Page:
On October 4, 1779, patriots circulated a handbill in Philadel­phia calling for a militia to “drive off from the city all disaffected persons and those who supported them:’ When the Pennsylva­nia Assembly proved powerless to restrain the radicals, Wilson and about twenty middle-aged, overweight, and bespectacled friends joined to form a small militia of their own. They garri­soned themselves at Wilson’s house at Third and Walnut streets, after Rachel and the children were bundled off to safety. As they watched from the upper windows of “Fort Wilson,” they saw a vengeful mob surge into Walnut and approach Third Street. Captain Campbell, an invalid Continental Army officer, called from a window and ordered the crowd to disperse. He was an­swered with a musket shot that killed him instantly. Meanwhile, surly militiamen were battering down the back door of the house. Col. Stephen Chambers took a position on the back stairs and fired into the crowd, wounding one. Before he could reload, however, he was dragged from the stairs and bayoneted. Finally, Joseph Reed, President of Pennsylvania’s Supreme Executive Council, arrived with the City Troop of Light Horse to quell the disturbance. Four militiamen, and a young Black child who had joined them, were killed. Fourteen were wounded. Of the Fort Wilson garrison, only Captain Campbell was killed. Colonel Chambers survived his bayonet wound. For sometime afterward the city was unsafe for Wilson. He went into hiding, and would return only after most Philadelphians had become embarrassed by, and weary of, the whole unhappy affair.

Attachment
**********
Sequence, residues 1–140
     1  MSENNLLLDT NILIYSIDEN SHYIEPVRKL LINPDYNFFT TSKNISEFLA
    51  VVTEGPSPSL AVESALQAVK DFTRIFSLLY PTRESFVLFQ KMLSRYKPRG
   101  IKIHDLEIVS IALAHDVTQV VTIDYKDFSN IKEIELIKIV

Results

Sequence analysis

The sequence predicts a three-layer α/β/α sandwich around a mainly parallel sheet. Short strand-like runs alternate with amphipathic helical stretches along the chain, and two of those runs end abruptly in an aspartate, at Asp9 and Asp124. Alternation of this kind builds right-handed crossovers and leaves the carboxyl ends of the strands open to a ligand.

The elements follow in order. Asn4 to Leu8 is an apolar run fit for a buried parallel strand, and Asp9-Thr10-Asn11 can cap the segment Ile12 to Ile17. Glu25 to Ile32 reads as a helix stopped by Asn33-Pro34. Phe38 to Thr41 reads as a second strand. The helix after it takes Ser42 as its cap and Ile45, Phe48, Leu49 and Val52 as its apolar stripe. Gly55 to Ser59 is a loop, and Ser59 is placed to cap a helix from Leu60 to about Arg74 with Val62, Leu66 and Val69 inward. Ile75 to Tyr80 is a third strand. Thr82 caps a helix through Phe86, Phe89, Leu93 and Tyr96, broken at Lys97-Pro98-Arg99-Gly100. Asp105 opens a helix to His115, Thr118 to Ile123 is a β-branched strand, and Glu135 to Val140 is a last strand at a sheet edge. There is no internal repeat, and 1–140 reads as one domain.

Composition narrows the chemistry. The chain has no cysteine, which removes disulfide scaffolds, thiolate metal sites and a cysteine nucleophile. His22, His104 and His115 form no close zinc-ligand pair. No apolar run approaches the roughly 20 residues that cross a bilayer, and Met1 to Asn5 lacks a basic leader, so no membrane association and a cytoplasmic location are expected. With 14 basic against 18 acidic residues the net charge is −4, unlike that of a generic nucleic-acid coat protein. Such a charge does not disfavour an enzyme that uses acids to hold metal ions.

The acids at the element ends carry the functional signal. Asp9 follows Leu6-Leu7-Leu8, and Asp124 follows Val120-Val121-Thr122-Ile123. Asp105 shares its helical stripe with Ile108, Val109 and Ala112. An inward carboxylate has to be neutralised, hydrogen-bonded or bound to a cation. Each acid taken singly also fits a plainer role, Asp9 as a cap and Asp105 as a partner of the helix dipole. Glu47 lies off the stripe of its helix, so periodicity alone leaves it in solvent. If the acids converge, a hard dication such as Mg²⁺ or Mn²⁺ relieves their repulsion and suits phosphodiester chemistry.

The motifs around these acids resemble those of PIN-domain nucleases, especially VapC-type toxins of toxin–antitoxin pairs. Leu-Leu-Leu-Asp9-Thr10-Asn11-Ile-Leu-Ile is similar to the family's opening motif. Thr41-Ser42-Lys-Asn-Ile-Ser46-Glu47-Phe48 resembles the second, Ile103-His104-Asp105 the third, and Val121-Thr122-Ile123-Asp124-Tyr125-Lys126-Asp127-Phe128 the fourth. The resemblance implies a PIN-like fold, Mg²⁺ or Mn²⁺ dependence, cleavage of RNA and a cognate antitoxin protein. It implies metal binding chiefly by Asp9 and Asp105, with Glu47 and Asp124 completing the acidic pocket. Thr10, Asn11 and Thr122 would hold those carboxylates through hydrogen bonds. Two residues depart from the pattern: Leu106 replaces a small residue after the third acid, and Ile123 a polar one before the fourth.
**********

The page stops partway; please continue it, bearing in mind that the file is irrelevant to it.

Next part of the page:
The Constitutional Convention of 1787 was the central event of James Wilson’s career. Unfortunately, he was not able to share the prestige and intellectual excitement wi.th his wife, who died on April 14, 1786, at the age of thirty-nine. The following autumn Wilson moved his children to a house on Chestnut Street be­tween Fourth and Fifth streets, one block from the State House (now Independence HaU), where the historic Convention would begin its work in May 1787.

Wilson arrived at the State House with no illusions about “revising” the Articles of Confederation, with which the Conven­tion was ostensibly charged. He would team with James Madi­son to sway the Convention toward a new and truly national government, one vigorous enough to carry through its own resolves without being undermined by the individual states. Wilson argued the principle of popular sovereignty more force­fully than any other delegate. He would use his “pyramid” meta­phor time and again to illustrate his idea of a strong central authority founded on the widest possible base. During the Con­stitutional Convention, the delegate who had fought so vehe­mently against the radical Democrats of western Pennsylvania would ironically reveal a greater willingness than any other to trust the people to govern themselves.